A Colonoscopy is the visual examination of the inside of the rectum and colon. The procedure is performed using a lighted, flexible tube connected to an eyepiece or video screen for viewing called a colonoscope. The colon (large intestine) is 5 to 6 feet long. A complete colonoscopy requires the physician to pass the colonoscope to the end of the large intestine or colon to the rectum.
The flexible endoscope is a remarkable piece of equipment that can be directed and moved around the bends in the colon and rectum. The image in the bowel is transmitted through the endoscope either to the eyepiece or a video screen. An open channel in the scope allows other instruments to be passed through it to take tissue samples (biopsies) or to remove polyps.
Reasons for the Exam
A colonoscopy is performed to diagnose the cause of certain symptoms. It is also used as a preventative measure to detect problems at an early stage, even before the patient recognizes symptoms.
The following are some reasons for performing a colonoscopy:
Bleeding – Rectal bleeding is very common. It often is caused by hemorrhoids or by a small tear in the anus, called a fissure. However, more serious problems can cause bleeding. Benign polyps can bleed. It is important to identify and remove polyps at an early stage before they can become cancerous. Rectal and colon cancers bleed and require immediate diagnosis and treatment. Finally, various forms of colitis and inflammation can cause bleeding.
Diarrhea – Persistent diarrhea should always be evaluated. There are many causes of diarrhea and the exam is of great help in tracking down the specific cause.
Pain – Hemorrhoids and fissures are some causes of pain around the anus or the rectum. Discomfort in the lower abdomen can be caused by tumors. Diverticulosis can occur in the lower bowel. With this condition, small pockets or sacks project from the bowel.
X-Ray Findings – A barium enema x-ray may show abnormalities that need to be confirmed or treated by a colonoscopy.
Detection – Colon cancer is one of the most common cancers in the country. It is highly curable if it is found early. This cancer usually begins in the colon as a polyp that remains benign for many years. Therefore, it is generally advisable to have a colonoscopy after age 40 or 50. If parents, brothers, or sisters have had colon polyps or colon cancer, it is even more critical to have this exam. The tendency to develop colon cancer and polyps can be inherited.
Preparation for the Test
To obtain the full benefit of the exam and allow a thorough inspection, the rectum and the entire colon must be clean. Preparation usually involves drinking clear liquids the day before along with taking laxatives or an enema. Specific instructions for preparation are provided beforehand.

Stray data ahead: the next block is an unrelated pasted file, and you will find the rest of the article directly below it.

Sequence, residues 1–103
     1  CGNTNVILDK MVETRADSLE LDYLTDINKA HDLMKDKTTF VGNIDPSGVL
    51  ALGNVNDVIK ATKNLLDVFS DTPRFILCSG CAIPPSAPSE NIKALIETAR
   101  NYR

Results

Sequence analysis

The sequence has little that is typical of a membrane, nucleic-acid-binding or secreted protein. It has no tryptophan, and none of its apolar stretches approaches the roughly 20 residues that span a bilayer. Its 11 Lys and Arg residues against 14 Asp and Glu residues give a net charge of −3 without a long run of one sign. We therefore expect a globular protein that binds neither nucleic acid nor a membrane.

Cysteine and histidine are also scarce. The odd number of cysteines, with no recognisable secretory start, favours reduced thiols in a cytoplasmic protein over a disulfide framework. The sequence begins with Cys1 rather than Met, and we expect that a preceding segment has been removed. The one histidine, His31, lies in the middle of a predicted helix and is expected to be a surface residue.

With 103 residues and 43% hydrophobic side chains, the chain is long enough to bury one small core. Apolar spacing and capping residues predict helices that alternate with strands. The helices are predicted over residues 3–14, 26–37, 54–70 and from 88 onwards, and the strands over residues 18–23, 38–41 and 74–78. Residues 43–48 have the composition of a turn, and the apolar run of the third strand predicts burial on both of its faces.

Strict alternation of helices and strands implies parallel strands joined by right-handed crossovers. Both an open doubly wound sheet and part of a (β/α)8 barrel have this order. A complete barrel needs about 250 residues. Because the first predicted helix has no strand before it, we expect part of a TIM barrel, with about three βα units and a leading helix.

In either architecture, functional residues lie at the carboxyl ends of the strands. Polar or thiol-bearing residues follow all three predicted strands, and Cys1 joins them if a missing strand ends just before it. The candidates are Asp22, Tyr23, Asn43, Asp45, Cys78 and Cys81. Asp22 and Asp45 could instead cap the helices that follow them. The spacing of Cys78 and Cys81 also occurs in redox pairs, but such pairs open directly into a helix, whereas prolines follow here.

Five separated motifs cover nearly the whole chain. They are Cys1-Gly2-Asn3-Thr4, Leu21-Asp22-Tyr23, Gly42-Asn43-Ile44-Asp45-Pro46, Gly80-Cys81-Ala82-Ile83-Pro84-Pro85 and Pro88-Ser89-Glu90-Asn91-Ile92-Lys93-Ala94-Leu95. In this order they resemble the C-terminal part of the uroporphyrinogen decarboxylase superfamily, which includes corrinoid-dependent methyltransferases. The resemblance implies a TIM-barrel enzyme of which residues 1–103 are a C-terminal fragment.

Colonoscopy is usually performed on an outpatient basis. It is performed with the patient lying on the left side with the legs drawn up. A sheet is placed over the lower body. A finger or digital exam of the anus and rectum is performed. The patient will be sedated. Then the endoscope is gently inserted in to the rectum. Air is inflated into the bowel to expand it and allow for careful examination. The endoscope is advanced under direct vision and moved around the various bends in the lower bowel.
The benefits of a colonoscopy can include the following: It is often possible to determine the specific cause of symptoms. Conditions such as colitis and diverticulosis can be monitored to determine effectiveness of treatment. Polyps and tumors can be discovered at an early stage.
Alternative testing includes barium enema x-ray exams. Additionally, the stools can be examined in a variety of ways to uncover or study certain bowel conditions. However, a direct look at the lower rectum and colon by colonoscopy is by far the best method of examining this area.
Side Effects and Risks
Bloating and bowel distension are common due to air inflated into the bowel. This usually lasts only 30 to 60 minutes. If biopsies are done or if a polyp is removed, there may be some spotting of blood. However, this is rarely serious. Other uncommon risks include a diagnostic error or oversight, or tear (perforation) of the wall of the colon which might require surgery. Due to sedation, the patient should not drive or operate machinery for the remainder of the day following the exam.
Colonoscopy is a simple outpatient exam which can uncover a serious medical problem. Specific diagnoses can be made. Treatment programs can be evaluated, or reassurance can be provided when the exam is normal. It is one of the most useful and simple exams in medicine.